Three Busted Showstoppers About Backyard Rinks

How to make a homemade ice rink

You love hockey. You love figure skating. You love ice skating. You would do it like a million and fifty times more if it were more convenient, but getting into the car and driving to the ice rink takes enough extra time that you don’t do it nearly as much as you wish you could. Hang on, we’re about to blow your brain grapes…

How cool would it be to have a backyard ice rink?! If you only had to go out the back door to get your ice skating on, you could do it on the daily. In fact, all your friends are going to want a piece of that action. Your house will be the place to be.

But we know what you’re thinking. Your inner naysayer is telling you a hundred and fifty reasons why it will never work. We think that backyard rinks are really more attainable than you think and we want you to have the backyard of your dreams, so we’re here to bust those myths that are holding you back from a tricked-out backyard:

Three Busted Showstoppers About Backyard Rinks

  1. WRONG: The temperatures have to stay below freezing in order for backyard rinks to stay frozen.

    Water freezes as 32 degrees. It unfreezes when the temperature rises above 32 degrees. You might think that if the temperature in your area don’t stay below 32 degrees for long enough, all the work of building your backyard rinks won’t be worth the trouble.

    You might be surprised to find out that as long as it gets nice and cold overnight (which it tends to do, no matter where you live), the temperatures can rise above 32 degrees without making the temperature of your rink rise above 32 degrees and turning your rink into a swimming pool.

    Additionally, if you use the right equipment and the right technique, you’ll really extend your backyard skating season. Using white ice rink liners helps reflect the light and prevent heat absorption, which helps the ice in your backyard ice rink stay frozen. You can also paint the frame of your ice rink with a light reflective paint, to serve the same purpose. With a little know-how, you’ll be able to use your backyard ice rink for longer than the temps stay below freezing.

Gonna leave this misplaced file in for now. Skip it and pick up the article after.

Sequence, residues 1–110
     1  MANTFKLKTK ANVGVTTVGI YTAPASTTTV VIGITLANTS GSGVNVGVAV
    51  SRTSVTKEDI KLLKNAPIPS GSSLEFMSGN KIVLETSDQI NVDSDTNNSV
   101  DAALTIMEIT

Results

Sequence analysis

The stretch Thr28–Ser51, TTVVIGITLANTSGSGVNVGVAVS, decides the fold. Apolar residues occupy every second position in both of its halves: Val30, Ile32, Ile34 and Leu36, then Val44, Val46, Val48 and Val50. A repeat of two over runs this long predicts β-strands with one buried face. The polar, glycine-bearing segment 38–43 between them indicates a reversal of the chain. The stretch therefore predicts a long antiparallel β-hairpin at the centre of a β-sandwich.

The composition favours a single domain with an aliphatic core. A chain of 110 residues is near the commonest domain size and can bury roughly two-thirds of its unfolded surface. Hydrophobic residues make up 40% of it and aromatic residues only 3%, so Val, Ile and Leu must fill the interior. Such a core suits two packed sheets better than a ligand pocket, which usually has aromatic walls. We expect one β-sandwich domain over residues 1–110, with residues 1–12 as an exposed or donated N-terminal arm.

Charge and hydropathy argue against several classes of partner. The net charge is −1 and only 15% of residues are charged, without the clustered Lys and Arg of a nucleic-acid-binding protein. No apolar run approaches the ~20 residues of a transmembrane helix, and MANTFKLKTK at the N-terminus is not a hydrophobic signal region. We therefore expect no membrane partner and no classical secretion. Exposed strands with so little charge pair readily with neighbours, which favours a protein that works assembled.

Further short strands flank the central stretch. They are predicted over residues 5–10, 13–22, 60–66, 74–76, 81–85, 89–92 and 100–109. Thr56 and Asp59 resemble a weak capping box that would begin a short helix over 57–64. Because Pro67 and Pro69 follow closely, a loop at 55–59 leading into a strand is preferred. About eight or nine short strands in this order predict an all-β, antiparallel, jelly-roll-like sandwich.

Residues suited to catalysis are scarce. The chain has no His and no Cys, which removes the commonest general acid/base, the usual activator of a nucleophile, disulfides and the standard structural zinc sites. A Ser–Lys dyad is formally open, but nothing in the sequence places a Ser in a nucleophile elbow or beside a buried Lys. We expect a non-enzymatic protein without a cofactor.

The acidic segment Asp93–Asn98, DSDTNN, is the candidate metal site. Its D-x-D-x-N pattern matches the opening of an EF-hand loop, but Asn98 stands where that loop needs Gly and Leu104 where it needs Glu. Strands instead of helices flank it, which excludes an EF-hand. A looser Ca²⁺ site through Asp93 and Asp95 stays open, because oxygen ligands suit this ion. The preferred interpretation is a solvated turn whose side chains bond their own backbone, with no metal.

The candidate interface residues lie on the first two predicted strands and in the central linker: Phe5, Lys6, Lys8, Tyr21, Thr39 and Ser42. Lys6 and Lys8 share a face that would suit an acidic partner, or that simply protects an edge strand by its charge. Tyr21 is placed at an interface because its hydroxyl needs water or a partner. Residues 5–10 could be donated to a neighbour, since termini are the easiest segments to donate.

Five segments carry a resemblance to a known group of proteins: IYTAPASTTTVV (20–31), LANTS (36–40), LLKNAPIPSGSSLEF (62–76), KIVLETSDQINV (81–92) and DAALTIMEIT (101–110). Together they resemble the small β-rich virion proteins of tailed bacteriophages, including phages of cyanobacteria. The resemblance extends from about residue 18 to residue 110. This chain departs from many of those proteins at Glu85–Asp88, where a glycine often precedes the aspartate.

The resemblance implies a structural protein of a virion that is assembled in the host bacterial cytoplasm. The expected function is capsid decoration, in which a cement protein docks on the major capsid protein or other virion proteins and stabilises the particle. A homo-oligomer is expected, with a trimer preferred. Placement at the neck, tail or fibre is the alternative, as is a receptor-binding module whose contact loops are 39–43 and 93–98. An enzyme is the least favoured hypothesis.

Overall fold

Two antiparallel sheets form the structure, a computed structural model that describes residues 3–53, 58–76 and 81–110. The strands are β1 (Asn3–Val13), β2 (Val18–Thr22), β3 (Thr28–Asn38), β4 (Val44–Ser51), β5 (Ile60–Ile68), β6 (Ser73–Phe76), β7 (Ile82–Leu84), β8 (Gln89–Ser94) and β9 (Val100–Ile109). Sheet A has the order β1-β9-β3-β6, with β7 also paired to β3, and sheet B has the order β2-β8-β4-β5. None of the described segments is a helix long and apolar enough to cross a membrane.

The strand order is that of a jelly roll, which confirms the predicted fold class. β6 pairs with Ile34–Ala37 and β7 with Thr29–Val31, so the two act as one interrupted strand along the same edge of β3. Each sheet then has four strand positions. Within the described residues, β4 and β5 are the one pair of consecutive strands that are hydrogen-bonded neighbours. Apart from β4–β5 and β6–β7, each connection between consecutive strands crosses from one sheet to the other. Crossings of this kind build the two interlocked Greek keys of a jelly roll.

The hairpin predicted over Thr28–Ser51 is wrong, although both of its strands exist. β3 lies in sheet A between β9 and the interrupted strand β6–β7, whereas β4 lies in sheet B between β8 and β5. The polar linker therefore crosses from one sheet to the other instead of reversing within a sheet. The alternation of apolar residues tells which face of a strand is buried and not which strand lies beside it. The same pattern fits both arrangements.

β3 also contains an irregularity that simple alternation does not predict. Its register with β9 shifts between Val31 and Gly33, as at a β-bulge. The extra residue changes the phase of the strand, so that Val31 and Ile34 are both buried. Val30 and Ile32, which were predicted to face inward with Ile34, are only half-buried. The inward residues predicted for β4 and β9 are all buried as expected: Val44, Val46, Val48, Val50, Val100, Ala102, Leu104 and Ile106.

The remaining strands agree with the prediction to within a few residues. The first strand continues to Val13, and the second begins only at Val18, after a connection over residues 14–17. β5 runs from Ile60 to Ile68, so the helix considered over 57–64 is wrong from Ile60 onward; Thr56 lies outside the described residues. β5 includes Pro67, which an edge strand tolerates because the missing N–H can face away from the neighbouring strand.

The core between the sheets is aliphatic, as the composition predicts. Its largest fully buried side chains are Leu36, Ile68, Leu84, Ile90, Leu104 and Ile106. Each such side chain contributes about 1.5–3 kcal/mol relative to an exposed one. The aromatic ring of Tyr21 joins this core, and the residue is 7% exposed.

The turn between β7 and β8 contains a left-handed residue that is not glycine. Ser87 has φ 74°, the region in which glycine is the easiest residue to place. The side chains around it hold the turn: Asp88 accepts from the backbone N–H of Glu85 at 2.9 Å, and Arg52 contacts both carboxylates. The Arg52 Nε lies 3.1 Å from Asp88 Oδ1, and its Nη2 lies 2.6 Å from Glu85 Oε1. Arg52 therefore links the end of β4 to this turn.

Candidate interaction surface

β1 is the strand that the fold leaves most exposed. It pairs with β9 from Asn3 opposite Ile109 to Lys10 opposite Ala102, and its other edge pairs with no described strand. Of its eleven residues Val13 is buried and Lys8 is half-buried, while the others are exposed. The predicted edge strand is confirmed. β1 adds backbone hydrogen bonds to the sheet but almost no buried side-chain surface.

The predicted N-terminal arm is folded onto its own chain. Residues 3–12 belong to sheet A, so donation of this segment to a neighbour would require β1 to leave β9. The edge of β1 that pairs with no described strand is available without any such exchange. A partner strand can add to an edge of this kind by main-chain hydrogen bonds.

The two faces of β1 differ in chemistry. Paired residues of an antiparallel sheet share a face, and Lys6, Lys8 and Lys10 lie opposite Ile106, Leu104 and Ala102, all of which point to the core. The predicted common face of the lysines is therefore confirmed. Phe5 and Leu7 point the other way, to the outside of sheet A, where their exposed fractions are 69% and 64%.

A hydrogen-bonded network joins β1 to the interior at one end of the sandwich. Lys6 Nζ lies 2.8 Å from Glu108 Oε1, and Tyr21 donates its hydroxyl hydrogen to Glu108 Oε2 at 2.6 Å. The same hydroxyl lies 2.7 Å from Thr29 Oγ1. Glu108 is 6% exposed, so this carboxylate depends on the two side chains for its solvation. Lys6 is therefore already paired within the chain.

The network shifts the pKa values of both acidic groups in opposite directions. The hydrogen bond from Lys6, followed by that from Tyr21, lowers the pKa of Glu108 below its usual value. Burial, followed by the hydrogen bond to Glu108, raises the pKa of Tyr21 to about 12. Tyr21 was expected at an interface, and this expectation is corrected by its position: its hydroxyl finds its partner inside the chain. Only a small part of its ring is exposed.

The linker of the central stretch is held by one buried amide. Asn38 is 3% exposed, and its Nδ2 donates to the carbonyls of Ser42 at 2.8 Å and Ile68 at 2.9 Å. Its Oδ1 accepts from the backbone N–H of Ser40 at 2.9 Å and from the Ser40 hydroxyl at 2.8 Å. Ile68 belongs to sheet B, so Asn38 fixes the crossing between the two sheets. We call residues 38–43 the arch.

2. WRONG: Having a back yard ice rink will ruin my lawn.
    It seems obvious that having a large sheet of plastic and ice on your backyard will destroy your grass, and leave you with a giant yellow spot in the shape of your backyard rink when you take it down for the spring. Maybe you even know someone this happened to. There are several mistakes people make when building their backyard rink that contributes to this:

    • If you use one of those dark-colored backyard ice rink tarps that you might find at a big box store (or maybe you’re just using a tarp that was never meant to be an ice rink liner), the grass below gets zero sunlight. As you know from your high school science glass, plants need sunlight to survive. Not having sunlight equals no dead grass.
    • On the reverse, if you build your ice rink in such a way that the sunlight is magnified (often caused by a clear tarp), it might get too much sunlight, which burns the roots. And bye-bye grass!
    • When you are flooding your ice rink, if you let the grass get flooded as well, the water freezes the roots and kills it over the winter. It’s important that you flood the rink, but not the grass.

    If you avoid these common mistakes while building your ice rink, you have a nearly certain chance of having a beautiful lush lawn when spring has sprung.

  3. WRONG: I don’t have the space for a back yard ice rink.

    If you live in an apartment with absolutely zero lawn, well you might be right on this point. Otherwise, you might be surprised how little space you really need to have an ice rink you can enjoy. As a rule of thumb, you want about ten square feet for each skater, in order to have enough space to enjoy. If you have an average-size family, you can get away with a rink as small as 20′ by 30′ and have more space than you even need.

Leave a Reply

Your email address will not be published. Required fields are marked *